Date of Publication


Project Team

Amy O'Meara, DrNP, APRN



An estimated 20% of patients with non-cancer pain symptoms or pain-related diagnoses receive an opioid prescription. Current guidelines advocate use of a functional assessment as a strategy to improve the efficacy and safety of chronic pain management using opioids. This project aimed to integrate functional assessments into patient care visits for chronic pain and optimize safe and effective prescribing.


This quality improvement project was conducted at a primary care clinic in Burlington, VT. Baseline data on current functional assessment utilization and barriers amongst providers were collected. The validated Pain, Enjoyment, and General Activity (PEG) scale was administered from November 2018 through February 2019 during routine chronic pain visits with a nurse practitioner (NP) identified as having a large panel of patients suffering from chronic pain. Post-visit descriptive statistics were computed. A summative exit interview was completed with the NP.


Baseline data of clinic providers (n = 5) demonstrated that while 80% reported that functional assessments have value in managing chronic pain, only 20% used them regularly.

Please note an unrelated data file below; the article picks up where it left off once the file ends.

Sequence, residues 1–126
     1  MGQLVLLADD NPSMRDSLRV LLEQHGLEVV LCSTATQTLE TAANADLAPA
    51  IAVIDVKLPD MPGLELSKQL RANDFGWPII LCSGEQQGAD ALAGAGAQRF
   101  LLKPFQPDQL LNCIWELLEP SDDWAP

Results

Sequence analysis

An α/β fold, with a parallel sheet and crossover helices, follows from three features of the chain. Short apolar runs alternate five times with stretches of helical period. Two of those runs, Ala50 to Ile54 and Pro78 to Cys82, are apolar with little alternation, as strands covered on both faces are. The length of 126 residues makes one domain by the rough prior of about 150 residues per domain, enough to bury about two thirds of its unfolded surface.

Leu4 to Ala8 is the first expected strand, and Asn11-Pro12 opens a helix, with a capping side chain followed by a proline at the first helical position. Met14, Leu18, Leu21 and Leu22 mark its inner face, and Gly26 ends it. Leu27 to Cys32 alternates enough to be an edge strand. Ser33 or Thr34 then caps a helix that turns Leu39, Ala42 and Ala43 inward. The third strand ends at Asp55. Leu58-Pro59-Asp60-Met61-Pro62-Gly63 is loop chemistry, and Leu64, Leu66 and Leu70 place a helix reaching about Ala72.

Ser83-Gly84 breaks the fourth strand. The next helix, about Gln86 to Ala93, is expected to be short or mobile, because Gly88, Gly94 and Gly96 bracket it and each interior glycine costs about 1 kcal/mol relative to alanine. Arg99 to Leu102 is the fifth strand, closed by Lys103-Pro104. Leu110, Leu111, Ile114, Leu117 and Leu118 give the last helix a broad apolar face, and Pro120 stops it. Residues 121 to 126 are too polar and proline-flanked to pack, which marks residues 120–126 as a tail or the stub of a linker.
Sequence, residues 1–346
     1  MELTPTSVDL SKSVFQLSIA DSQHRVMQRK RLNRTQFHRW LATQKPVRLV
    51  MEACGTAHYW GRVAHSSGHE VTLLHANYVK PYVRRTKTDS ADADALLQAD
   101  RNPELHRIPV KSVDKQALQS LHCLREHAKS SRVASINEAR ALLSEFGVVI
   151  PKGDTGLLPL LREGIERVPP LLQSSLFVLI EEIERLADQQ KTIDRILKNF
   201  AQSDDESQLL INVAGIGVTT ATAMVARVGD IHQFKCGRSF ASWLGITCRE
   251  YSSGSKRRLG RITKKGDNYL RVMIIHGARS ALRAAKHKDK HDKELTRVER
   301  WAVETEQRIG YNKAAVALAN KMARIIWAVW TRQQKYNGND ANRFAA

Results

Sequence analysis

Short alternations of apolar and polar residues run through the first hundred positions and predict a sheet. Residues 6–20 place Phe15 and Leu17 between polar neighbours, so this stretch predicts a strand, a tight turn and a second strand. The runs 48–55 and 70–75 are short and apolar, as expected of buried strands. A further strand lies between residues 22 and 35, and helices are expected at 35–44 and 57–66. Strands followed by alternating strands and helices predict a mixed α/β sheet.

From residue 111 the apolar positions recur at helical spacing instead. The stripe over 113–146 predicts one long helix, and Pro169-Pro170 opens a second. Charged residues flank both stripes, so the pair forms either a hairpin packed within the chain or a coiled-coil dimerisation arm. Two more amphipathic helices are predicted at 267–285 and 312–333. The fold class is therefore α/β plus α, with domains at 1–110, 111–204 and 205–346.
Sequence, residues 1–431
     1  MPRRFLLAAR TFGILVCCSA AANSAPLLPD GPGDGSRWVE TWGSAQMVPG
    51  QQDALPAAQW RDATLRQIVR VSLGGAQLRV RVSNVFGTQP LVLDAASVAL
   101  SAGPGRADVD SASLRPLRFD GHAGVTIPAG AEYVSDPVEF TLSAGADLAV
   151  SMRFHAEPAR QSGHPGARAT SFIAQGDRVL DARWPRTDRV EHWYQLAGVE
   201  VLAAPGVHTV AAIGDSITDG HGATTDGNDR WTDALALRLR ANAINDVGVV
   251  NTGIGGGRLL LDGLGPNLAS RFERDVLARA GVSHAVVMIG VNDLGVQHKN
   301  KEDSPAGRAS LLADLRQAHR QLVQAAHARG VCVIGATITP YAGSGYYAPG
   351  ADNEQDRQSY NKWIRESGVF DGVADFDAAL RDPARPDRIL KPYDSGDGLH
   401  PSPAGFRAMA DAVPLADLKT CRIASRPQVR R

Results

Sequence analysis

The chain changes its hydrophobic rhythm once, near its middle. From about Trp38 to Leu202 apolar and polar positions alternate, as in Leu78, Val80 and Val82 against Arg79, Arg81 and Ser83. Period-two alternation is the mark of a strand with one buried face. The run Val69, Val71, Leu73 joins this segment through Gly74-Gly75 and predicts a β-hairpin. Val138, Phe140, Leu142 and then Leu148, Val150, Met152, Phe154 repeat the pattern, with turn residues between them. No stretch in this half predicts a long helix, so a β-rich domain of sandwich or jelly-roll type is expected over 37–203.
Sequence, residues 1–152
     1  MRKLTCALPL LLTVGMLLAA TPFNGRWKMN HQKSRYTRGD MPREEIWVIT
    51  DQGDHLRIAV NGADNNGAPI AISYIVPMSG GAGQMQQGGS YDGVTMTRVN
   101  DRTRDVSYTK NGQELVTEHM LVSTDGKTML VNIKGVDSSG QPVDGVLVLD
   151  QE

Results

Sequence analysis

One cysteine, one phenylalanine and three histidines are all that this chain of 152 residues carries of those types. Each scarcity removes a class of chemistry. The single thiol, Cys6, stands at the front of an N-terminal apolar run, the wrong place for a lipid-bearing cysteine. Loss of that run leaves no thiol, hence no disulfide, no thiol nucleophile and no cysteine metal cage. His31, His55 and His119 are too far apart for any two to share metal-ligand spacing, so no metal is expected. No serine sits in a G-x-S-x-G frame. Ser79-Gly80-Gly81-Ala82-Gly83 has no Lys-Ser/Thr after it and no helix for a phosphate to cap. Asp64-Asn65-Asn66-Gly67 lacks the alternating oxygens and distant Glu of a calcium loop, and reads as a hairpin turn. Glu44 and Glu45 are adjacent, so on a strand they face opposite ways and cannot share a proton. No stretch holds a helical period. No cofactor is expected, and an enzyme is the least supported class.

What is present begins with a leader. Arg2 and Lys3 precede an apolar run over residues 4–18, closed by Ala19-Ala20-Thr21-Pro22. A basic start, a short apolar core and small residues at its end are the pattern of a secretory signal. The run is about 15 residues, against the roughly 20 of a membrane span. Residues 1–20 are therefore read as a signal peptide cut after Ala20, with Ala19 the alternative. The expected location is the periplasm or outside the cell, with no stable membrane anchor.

Following use of the PEG (n = 16 patient encounters) the NP demonstrated consistent documentation of PEG scores in the medical record (94%), increased conversations regarding chronic pain (56%), better use of safe and effective prescribing strategies (44%), improved understanding of patient pain/function (38%), and informed the plan of care (13%). Exit interviews demonstrated that the PEG was quick, easy to use, and helpful in initiating conversations about goals of care and opioid use and ultimately has a role in future care.


While the PEG exhibited limited impact on plan of care, it provided measurable data and may be valuable as a vehicle for broader discussions on chronic pain management and other components of evidence-based prescribing practices for non-cancer, non-palliative pain.

Document Type